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No-deal planning dented food businesses in 2019

More than a quarter of UK food and drink businesses spent at least £1 million on stockpiling last year for a threatened no-deal Brexit which never took place.

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No-deal planning dented food businesses in 2019

The latest Food and Drink Federation business confidence survey revealed no-deal scares cost most food businesses at least £100,000 in 2019.

 

Food industry confidence rose rose slightly in the last quarter of the year, but net confidence still stood at -22.4 per cent, an improvement from -51.3 per cent at the start of the year.

 

When it came to what worried food processors at the end of 2019, 61 per cent highlighted increased costs due to more responsible packaging demands, while 69 per cent saw their raw material costs rise. Some 40 per cent also reported seeing a fall in margins.

 

Looking ahead, they said key concerns were around the cost of ingredients, inconsistent policies on plastic reduction, and post-Brexit border and customs issues. 


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UK is EU’s largest food market 

 

On Brexit day the UK became the EU’s largest food market by far, something which could influence negotiations over a a trade agreement between the two territories.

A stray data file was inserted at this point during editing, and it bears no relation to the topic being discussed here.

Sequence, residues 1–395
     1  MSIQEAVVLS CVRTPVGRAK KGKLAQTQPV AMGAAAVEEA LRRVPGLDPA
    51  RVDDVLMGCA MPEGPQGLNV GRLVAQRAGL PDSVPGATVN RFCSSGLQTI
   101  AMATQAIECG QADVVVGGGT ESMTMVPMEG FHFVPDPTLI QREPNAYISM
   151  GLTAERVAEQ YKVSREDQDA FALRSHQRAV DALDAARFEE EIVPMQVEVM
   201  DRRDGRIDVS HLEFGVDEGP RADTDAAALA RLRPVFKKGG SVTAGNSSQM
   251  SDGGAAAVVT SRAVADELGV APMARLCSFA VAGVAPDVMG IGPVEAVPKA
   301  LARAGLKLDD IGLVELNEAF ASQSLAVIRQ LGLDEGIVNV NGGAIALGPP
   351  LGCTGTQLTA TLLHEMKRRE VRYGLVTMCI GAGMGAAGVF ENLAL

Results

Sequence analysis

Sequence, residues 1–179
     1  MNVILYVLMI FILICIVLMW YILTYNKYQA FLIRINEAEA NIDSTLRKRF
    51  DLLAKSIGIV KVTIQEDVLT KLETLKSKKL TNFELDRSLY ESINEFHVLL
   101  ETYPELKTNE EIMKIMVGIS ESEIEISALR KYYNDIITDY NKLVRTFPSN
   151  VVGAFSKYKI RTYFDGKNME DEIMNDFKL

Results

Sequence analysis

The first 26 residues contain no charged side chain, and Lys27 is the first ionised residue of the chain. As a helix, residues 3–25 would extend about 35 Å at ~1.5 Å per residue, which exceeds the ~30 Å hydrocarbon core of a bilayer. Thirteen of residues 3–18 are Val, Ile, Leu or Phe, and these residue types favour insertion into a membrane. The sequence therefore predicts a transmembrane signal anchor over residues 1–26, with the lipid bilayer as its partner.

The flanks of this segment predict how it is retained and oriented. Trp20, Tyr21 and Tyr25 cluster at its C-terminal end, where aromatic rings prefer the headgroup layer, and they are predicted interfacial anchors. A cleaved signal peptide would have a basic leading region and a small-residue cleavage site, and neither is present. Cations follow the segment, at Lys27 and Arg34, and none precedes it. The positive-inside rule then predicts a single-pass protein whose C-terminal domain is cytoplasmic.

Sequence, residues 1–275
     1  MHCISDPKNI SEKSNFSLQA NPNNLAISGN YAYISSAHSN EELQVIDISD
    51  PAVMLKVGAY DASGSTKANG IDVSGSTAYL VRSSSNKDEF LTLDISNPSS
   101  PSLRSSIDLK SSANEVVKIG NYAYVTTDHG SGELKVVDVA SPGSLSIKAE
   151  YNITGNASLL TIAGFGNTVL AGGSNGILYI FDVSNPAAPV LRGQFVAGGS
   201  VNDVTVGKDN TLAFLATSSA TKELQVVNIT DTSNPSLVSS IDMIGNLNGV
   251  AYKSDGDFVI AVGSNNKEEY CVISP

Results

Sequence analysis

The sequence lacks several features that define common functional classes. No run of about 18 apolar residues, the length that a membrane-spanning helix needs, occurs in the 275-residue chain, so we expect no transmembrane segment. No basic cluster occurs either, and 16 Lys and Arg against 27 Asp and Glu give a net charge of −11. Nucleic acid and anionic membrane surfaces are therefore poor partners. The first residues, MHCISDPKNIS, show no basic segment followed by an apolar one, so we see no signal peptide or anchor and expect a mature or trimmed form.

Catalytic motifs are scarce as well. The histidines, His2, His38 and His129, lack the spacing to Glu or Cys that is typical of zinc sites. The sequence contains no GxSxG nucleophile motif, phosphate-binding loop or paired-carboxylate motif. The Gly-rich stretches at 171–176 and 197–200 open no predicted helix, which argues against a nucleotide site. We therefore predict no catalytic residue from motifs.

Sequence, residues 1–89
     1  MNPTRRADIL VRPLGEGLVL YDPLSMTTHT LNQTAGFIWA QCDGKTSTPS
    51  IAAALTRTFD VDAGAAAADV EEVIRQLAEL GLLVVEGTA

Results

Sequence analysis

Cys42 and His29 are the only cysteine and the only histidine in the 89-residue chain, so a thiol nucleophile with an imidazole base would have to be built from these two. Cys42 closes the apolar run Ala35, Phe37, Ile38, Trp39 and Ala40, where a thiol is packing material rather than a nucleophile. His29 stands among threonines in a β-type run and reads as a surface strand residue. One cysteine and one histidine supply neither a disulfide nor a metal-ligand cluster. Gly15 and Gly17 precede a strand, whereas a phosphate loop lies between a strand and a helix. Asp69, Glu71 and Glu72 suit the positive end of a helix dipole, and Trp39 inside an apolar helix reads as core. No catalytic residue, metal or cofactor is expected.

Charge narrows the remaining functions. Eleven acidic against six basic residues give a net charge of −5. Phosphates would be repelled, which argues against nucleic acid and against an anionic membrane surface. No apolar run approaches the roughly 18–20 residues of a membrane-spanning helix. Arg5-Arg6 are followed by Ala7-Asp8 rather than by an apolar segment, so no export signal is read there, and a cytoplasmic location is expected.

Last year, the 27 other countries of the EU shipped a record €39.2 billion (£34.4 billion) of food to the UK. In comparison, sales to the US, previously the EU’s largest food market, were nearly 40 per cent less at just €24.1bn (£20.2bn), with exports to China at €14.7bn (£12.2bn).

 

Total food imports into the UK were at an all-time high of £48.4 billion, with 71 per cent of that total from the EU.

 

The total figure was 1.1 per cent higher than in 2018 and 11.4 per cent more than in 2016, the year of the Brexit vote.

 

UK exports to the EU were also at a record level of £24.1bn, up 3.7 per cent on the year and 15.5 per cent higher than in 2016, with a weaker pound driving sales.

 

Of the top 10 suppliers of food to the UK, only two, the US and Thailand, are outside the EU. France tops the list followed by the Netherlands, Germany, Ireland and Italy.

EU’s largest food export markets in 2019

UK

€39.2 bn

USA

€24.1bn

China

€14.7bn

Switzerland

€8.5bn

Japan

€7.6bn

Russia

€7.1bn

Norway

€4.7bn

Canada

€3.9bn

Saudi Arabia

€3.8bn

Australia

€3.5bn

Source: European Commission and HMRC. UK figures January to December 2019. Others December 2018 to November 2019

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